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East-end sewage plant to cost $30 million
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The Liberty County Development Authority has decided to borrow up to $30 million to fund construction of a large, state-of-the-art wastewater treatment plant to serve East Liberty.
The LCDA reportedly has good terms for the loan from Suntrust Bank, with interest rates said to be better than those offered by the Georgia Environmental Facilities Authority.
GEFA was established by the state to offer low-cost loans for infrastructure development.
Authority members thought long and hard before deciding to build an “MBR” plant, the most advanced type available and costs $10 million more than a more conventional facility.
“In a way, that’s 10 million reasons why we should not build the MBR,” said authority member Brian Smith, although he ended up voting for the high-tech option.
Hinesville Mayor Tom Ratcliffe said, “This is a tough decision ... but I think we really do need to do the very best we can in this fragile environment.”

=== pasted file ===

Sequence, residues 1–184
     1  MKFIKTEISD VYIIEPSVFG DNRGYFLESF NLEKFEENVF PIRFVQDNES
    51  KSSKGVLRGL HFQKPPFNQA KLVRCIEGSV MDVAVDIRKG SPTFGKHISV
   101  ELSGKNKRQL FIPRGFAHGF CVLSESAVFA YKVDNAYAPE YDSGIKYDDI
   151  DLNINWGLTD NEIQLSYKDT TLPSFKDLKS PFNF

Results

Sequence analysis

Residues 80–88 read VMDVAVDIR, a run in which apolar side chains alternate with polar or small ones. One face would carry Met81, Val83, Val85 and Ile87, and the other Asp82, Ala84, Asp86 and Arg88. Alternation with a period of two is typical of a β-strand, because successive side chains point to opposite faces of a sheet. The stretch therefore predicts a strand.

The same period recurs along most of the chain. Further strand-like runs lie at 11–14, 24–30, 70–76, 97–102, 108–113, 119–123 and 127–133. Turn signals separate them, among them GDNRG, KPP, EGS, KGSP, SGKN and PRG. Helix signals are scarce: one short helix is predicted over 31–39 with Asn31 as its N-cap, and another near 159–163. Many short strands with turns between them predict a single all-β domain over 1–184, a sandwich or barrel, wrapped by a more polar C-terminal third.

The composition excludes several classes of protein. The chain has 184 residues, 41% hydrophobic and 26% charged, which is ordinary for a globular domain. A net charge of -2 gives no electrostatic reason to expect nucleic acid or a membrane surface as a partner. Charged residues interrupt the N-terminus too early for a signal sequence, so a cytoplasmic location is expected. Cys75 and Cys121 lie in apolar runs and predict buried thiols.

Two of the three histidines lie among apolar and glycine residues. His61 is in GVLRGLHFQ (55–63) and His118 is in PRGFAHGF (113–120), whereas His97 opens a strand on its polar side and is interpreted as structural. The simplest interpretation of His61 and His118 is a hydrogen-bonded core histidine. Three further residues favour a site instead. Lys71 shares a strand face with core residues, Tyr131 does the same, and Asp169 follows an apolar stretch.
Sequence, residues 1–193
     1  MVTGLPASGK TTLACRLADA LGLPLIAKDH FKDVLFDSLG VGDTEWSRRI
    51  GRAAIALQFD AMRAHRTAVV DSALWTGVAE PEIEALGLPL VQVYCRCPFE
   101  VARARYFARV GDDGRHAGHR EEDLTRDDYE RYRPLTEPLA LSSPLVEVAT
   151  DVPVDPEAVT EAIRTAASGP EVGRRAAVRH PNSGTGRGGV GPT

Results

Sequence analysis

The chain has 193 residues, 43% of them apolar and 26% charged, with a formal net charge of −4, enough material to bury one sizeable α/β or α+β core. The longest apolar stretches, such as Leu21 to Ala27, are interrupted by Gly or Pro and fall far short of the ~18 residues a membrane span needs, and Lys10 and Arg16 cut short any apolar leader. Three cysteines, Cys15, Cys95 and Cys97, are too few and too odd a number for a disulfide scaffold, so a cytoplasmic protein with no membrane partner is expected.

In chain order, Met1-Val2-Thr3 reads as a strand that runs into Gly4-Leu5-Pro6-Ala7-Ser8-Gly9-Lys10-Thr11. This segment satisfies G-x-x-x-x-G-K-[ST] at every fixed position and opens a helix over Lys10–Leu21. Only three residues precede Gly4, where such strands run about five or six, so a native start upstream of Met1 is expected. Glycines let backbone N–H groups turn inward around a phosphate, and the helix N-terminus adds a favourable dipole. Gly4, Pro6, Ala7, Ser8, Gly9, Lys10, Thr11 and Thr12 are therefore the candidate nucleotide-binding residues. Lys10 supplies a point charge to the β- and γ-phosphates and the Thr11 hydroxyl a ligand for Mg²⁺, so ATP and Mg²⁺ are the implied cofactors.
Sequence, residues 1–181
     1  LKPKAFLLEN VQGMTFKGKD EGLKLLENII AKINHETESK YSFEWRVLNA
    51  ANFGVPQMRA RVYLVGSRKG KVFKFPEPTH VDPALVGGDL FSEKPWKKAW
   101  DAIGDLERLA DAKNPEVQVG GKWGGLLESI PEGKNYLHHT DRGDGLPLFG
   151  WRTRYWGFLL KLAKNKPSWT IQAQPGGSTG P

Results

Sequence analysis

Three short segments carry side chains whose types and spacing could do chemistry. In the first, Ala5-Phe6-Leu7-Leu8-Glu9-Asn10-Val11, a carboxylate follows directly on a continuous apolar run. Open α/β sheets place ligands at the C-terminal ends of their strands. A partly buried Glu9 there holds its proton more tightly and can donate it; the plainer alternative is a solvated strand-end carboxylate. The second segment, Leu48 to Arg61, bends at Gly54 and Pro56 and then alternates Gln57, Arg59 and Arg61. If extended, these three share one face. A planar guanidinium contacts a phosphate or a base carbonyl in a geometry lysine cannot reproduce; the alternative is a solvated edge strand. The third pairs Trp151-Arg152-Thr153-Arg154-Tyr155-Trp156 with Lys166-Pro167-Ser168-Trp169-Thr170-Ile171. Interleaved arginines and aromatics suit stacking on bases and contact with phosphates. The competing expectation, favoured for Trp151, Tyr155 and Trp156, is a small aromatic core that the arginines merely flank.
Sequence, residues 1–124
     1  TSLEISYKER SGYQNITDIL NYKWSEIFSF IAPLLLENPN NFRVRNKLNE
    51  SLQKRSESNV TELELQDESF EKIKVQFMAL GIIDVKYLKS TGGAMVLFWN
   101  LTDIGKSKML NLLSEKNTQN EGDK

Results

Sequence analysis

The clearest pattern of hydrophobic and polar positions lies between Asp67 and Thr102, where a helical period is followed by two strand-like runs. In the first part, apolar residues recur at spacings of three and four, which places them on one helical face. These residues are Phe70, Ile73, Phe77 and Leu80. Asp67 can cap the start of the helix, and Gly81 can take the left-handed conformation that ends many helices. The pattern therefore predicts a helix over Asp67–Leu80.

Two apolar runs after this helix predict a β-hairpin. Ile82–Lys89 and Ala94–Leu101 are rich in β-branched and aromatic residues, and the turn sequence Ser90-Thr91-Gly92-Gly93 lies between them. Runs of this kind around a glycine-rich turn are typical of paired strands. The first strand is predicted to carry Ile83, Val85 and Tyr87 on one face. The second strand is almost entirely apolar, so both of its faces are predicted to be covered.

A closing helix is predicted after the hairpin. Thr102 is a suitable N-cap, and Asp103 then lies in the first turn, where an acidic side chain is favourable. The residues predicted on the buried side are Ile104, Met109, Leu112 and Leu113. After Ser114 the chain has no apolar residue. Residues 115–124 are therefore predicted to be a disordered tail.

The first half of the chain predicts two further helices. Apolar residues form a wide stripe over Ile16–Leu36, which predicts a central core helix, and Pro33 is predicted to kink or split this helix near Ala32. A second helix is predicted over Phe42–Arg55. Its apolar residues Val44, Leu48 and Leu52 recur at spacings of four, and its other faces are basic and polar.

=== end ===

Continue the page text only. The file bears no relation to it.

The MBR membrane process produces a cleaner output than more conventional wastewater treatment plants, although conventional plants do meet all current requirements.
County Commission Chairman John McIver said he was concerned about the environment, but seemed worried also about the money.
“We should be sure to pass the cost back to the users. The taxpayers should not pay for this,” he said.
When the ballots were cast, McIver’s was the lone no vote.
The LCDA has approved impact fees of $4,573 per equivalent residential unit for users of its sewer service.
Using this fee calculation, the Foram Group would pay $1,189.027 for its planned developments; IDI, $1,600,613 and Glebe Martin Plantation, $5,335,377.
Zero impact fees are shown for Target and The Tire Rack, the two current tenants of the LCDA’s Tradeport East Park.
Member Graylan Quarterman said he knew of “no state or federal grants that will help us out with this. We have two EPA grants on hold now.”
LCDA CEO Ron Tolley said the authority planned to use some form of tax-free financing to pay for the loan, such as bonds.
He told the authority, “We have some other sources of revenue we haven’t shown yet, but they will be coming in the next couple of years.”
The MBR plant could come online in 2009 and the authority has projected flows that it could handle in three phases through 2033.
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